Seeing the modern world reflected back at them from 100 years ago was a sobering realization for the curators of “Posters and Patriotism.”
The new exhibit now open at the Museum of the City of New York features over 60 propaganda posters created to bolster public support for America’s entry into World War I on April 6, 1917. It was a deeply unpopular move, despite three years of brutal conflict already ravaging Europe, so the federal government had a thought: call in the advertisers.
“This is the great age of American propaganda,” says co-curator Donald Albrecht. “How do we use artists who are really very good at persuading people to buy Cream of Wheat to create the same psychological persuasion about supporting the war?”
Selling the war to the public fell to New York’s artistic community. The city was a natural choice, as home to the Society of Illustrators as well as numerous arts schools, magazines and newspapers. The Committee on Public Information was created just eight days after the U.S. officially declared war against Germany, commissioning over 2,500 posters in the brief 26 months of its existence until the end of the war.
They began innocuously enough, with the iconic “I Want You” poster of Uncle Sam and other posters urging citizens to enlist as a show of support for their country. But then the exhibit veers into the uglier tactics used to drum up public sympathy for the war: vilifying Germans.
For a nation of immigrants, it’s ironic that newcomers have never been particularly popular no matter where they came from. But the fear and persecution that these this posters inspired was different — just as being Muslim is equated with being as terrorist now by much of the Far Right and even members of President Donald Trump's administration, to be German was to be untrustworthy and liable to cause trouble in the U.S.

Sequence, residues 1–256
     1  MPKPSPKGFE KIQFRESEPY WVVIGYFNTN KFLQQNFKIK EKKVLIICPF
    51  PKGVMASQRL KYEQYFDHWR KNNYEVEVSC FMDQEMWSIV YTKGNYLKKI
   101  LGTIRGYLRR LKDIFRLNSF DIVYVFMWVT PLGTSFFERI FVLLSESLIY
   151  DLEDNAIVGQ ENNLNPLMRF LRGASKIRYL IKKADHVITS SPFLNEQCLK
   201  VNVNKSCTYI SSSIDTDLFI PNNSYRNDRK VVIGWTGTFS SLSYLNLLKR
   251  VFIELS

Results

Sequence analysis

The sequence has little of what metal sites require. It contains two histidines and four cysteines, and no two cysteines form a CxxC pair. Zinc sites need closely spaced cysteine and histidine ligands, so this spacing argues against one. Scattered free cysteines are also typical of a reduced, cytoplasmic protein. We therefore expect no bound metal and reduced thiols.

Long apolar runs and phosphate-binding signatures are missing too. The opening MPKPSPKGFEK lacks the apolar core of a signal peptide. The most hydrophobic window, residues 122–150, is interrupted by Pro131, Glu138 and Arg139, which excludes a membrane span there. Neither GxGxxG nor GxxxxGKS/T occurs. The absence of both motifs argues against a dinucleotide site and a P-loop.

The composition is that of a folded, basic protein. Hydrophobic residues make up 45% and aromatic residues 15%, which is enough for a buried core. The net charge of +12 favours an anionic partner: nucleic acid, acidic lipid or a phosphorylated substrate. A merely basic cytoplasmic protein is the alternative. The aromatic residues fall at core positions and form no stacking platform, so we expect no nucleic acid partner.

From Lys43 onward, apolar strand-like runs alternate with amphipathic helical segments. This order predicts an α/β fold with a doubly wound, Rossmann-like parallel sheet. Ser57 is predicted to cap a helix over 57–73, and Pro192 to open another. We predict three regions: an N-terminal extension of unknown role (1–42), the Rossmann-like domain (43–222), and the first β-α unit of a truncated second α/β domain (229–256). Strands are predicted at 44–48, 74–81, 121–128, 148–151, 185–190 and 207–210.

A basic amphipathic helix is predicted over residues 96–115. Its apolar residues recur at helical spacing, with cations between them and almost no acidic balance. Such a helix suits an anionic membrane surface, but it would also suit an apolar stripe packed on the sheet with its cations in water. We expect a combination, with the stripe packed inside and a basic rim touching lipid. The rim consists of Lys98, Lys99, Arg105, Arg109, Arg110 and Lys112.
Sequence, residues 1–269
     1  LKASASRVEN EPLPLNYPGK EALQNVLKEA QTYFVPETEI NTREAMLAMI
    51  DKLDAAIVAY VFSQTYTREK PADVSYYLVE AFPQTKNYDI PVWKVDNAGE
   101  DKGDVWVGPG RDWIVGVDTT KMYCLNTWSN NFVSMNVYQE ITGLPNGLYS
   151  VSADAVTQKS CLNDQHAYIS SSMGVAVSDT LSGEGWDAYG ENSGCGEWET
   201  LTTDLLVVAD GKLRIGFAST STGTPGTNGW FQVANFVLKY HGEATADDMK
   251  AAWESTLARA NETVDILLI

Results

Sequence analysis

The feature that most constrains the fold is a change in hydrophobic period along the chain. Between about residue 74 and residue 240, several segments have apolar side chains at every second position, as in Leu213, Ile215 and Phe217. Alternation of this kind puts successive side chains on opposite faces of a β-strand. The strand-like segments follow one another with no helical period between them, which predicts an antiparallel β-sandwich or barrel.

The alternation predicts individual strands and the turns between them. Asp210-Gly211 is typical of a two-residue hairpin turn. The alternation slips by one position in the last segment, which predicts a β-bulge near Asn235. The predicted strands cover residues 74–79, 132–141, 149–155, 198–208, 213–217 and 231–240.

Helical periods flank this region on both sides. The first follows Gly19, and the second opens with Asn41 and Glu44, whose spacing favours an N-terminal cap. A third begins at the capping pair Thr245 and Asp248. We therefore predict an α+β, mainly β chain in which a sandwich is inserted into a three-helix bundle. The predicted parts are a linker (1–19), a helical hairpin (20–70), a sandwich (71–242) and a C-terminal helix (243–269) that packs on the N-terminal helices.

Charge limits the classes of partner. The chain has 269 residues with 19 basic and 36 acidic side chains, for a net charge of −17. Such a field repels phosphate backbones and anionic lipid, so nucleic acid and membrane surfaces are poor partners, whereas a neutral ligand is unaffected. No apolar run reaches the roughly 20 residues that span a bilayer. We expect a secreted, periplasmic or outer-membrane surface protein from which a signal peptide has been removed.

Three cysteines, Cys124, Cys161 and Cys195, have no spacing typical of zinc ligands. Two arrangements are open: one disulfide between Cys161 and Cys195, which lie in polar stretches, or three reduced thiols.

The posters depict Germans as apes and bloodthirsty Huns. In another, it's not difficult to see how a pair of combat boots with a silhouette of Germany on them above the words “Keep These Off the USA” could translate to German residents, too. And a dead woman and child at the bottom of the ocean evoke the Lusitania, the British ocean liner sunk by a German U-boat in 1915, with one word: “Enlist.”
Suddenly, everyone was having to prove their patriotism, or be branded a traitor. “They were asking, ‘What does it mean to be an American? Are you trustworthy if you're from somewhere else, and should we let you continue coming here?’” says co-curator Steven Jaffe.
This propaganda campaign was so successful at stoking anti-immigrant sentiment that it led to the passing of the Immigration Act of 1924, which turned away untold numbers of refugees fleeing Nazi violence before and during World War II. "As my graduate school teacher put it,” says Jaffe, “it's literally 20 years later directing people back into the gas chambers.
“Perhaps implicitly, we were trying to draw attention that while 100 years have passed, some of these issues haven't gone away, and in some ways have resurfaced.”